Meanwhile Syrian military has attacked Lebanon. This tells at the urgency to resolve the dispute at the earliest and think about post-Assad Syria. But Mr. Obama is very unlikely to provide arms and ammunitions explicitly to rebels fearing that they could go into the hands of extremists and ultimately used against American interests. The US has been providing some kind of support to Syrian opposition for at least past one year.
In order to think about post-Assad Syria, one needs to first topple him. But in what time and how it should be tried? That's a very important question. If Mr. Assad is not toppled within short duration of time, say by July 2013, then the situation would become so chaotic and emotional that it would be difficult for the Free Syrian Army (FSA) to grant amnesty to too many people resulting in permanent divide within various communities.
The best way to topple Mr. Assad is through coup planned and executed by the Central Intelligence Agency (CIA). But in case Mr. Assad is ousted by direct military action then not only would there be increased tension in Syria but also in the bigger parts of the Arab world. The larger Sunni-Shia conflict would spillover to almost all parts of the Middle East wherever there are sizable minorities. Also, Kurds’ problem would complicate governance in Turkey, Iraq and Iran other than in Syria. Sure, of late Parti Karkerani Kurdistan (PKK), also known as Kurdistan Workers’ Party, has agreed on a negotiated settlement with Turkish government, but things can complicate elsewhere.
In reality, there may not be other viable options to topple Mr. Assad other than through a military action. But in case he is toppled by a military action then it could again lead to fissure among the people resulting in civil war in Syria, should the future government not handle the situation with dexterity.
The US could be seen as the invader if the Pentagon executes the military plan. Recently, the UK has decided to offer armored vehicles and body armors along with other logistic military support to Syrian rebels. France has joined the issue with the UK to lift European Union’s (EU) arms embargo on Syrian opposition. But Germany has opposed the move saying it would lead to increased hostility and instability in the Arab world. It is high time that the UK and France jointly take a military mission to oust Mr. Assad after consulting the US and end parallelism in Western Europe.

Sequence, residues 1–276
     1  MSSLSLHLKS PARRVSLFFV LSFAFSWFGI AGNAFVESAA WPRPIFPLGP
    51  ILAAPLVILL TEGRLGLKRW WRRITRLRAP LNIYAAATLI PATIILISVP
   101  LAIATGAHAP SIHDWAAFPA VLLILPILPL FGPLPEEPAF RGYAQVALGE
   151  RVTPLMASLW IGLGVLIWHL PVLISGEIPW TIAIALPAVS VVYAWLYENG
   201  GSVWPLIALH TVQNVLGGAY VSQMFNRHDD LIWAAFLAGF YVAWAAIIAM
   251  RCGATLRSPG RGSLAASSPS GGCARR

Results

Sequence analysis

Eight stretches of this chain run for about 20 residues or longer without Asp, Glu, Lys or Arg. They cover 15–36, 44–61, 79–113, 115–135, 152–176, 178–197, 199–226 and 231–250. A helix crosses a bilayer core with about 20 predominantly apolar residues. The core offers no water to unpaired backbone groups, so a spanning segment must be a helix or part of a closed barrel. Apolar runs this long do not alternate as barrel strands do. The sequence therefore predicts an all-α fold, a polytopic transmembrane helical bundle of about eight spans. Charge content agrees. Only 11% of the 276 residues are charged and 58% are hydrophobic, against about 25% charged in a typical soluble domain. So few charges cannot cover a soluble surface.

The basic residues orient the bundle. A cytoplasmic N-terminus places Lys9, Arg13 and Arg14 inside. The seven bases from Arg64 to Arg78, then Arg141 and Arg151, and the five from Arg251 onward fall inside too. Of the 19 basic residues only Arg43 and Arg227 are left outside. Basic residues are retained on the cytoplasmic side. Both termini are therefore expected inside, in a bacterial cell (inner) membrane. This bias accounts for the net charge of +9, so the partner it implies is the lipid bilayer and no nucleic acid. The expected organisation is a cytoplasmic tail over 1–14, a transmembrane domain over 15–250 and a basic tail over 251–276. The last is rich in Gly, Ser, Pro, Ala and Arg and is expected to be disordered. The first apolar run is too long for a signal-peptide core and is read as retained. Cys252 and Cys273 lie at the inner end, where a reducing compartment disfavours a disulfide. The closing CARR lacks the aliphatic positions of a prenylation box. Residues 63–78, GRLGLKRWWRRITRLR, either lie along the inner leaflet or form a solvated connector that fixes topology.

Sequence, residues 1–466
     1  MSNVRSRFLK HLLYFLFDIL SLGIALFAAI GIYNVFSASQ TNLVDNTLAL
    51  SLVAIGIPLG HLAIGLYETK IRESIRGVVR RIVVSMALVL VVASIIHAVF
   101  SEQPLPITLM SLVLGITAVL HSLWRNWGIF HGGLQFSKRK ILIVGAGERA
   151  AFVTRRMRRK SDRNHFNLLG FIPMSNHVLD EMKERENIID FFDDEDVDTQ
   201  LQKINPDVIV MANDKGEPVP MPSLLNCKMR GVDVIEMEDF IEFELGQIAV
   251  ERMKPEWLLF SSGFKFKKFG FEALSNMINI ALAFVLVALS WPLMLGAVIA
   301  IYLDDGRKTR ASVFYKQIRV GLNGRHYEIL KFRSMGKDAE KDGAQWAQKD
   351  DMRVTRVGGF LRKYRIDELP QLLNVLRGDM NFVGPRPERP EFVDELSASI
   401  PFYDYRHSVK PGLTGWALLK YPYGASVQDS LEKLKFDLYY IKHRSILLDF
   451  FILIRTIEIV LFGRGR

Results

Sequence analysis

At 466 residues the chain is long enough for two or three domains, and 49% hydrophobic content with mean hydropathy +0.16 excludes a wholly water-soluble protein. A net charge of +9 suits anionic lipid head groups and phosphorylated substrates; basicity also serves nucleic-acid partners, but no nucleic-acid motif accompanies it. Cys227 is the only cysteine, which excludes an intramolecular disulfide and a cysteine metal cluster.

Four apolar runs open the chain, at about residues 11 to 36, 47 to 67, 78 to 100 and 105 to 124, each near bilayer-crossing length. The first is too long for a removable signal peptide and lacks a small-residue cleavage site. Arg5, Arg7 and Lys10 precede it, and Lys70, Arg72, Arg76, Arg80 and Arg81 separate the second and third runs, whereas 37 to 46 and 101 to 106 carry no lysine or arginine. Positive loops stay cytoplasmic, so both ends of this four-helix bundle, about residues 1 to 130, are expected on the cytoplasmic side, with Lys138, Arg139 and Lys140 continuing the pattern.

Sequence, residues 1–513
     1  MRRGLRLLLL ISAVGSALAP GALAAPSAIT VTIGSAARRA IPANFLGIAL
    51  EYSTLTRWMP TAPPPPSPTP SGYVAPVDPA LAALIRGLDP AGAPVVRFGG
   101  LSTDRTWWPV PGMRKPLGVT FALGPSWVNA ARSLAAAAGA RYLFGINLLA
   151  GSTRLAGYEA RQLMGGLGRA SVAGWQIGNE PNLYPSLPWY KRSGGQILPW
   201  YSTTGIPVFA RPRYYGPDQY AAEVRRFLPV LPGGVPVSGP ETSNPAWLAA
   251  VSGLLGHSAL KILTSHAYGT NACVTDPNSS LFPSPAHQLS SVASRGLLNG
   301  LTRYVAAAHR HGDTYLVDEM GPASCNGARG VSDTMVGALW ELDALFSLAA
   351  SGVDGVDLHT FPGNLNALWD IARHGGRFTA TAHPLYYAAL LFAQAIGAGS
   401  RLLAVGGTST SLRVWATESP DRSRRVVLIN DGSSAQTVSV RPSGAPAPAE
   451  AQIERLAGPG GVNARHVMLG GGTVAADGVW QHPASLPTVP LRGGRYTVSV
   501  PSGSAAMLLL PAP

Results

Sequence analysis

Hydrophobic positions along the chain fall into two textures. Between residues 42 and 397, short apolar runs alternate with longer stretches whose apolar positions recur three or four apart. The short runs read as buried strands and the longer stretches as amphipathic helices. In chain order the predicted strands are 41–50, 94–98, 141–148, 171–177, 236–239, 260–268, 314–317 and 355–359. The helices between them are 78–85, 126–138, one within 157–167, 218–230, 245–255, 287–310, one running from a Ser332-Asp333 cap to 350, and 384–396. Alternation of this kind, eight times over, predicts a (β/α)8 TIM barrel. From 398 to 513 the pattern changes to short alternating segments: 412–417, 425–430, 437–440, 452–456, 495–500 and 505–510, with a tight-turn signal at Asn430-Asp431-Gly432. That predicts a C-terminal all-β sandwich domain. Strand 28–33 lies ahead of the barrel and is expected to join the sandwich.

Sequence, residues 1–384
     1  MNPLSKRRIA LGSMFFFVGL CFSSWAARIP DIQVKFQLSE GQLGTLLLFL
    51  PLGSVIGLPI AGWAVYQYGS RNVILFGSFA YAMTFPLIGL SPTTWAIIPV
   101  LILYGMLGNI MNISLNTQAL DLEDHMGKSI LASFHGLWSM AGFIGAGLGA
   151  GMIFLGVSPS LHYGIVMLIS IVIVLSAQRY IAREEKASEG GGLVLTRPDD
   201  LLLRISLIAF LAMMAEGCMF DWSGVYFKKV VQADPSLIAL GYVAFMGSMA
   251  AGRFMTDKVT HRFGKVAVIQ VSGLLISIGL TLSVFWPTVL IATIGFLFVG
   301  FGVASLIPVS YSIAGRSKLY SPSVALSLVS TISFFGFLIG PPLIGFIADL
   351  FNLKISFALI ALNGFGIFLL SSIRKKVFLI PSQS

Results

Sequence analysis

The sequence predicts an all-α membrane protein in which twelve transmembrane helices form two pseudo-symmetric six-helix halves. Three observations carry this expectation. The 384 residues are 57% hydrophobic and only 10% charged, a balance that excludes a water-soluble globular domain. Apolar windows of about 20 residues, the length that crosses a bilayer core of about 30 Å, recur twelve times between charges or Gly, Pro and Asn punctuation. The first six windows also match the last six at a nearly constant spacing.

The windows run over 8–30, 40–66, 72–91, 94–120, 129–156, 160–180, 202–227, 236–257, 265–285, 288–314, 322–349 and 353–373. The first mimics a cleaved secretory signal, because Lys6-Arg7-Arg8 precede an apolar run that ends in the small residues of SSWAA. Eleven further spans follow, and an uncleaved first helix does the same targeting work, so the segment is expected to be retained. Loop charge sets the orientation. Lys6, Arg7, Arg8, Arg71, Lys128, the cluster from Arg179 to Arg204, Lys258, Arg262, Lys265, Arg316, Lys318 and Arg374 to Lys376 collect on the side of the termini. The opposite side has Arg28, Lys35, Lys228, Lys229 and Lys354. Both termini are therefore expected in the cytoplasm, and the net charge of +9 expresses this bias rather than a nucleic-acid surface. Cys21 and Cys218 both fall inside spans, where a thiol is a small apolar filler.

Most important part about the post-Assad vision is that it should be based on reality. While not all civil servants should be fired nor the Syrian military should be disbanded, like it was dome in Iraq, is correct but one has to see Syrians in their local context. The argument is not that Mr. Assad's regime is persecuting and torturing Sunnis for past two years or so but that Syria’s Sunni majority is out of power for past many decades. Everything counts in this high consciousness era; some even want to rewrite histories. Passions are running so high in Syria that it would be difficult for the present Syrian opposition to keep its promise of inclusive governance once it is in charge of Syria.
No matter how big promises are made by Syrian opposition and its military units, the fact is that relative representation of Alawites and other minorities supporting Mr. Assad's government would decrease significantly. The future government may not discriminate minorities, particularly Alawites, but it would not treat them as their equals at least in short-to-middle term after the exit of Mr. Assad. Frankly speaking, it is just not possible.
The fact is that Syria is almost a 'Middle State' in the Middle East as per its natural and human resources' strength. Therefore, it may not be possible for its government to satisfy all lobbying groups. Moreover, because of Mr. Assad’s inclination towards Russia, China and Iran, Syria is not at all related with the West. The West would find it difficult to impose its will once the job is over. It would face conflicting demands due to increased consciousness of Syrians. It should be noted that beliefs of majority of Syrians would not be the same as they were few years back.
Nobody or no nation should think about future Syrian state to become secular. The US cannot behave like a guardian of the Syrian state. The US just needs to see that minorities are not persecuted and economic activities restart. It is true that Syria would require great assistance from the West and the Arab world to rebuild itself but the donors and aid-givers should not put bizarre conditions on future Syrian government. They should insist on post-Assad Syria to have strong institutions, democratic if possible, but they would be local in nature. The rule of law and respect for human rights again should be seen in relative context. But Syrian refugees should come back to their home as soon as possible once the war is over.
The West should let the Syrian state evolve in its own way. How much can one expect a future Sunni-dominated government to be rational and just? Measures should be in proportion and in touch with the reality. Minorities in the Arab world can be protected by the majorities provided the West supports majorities.
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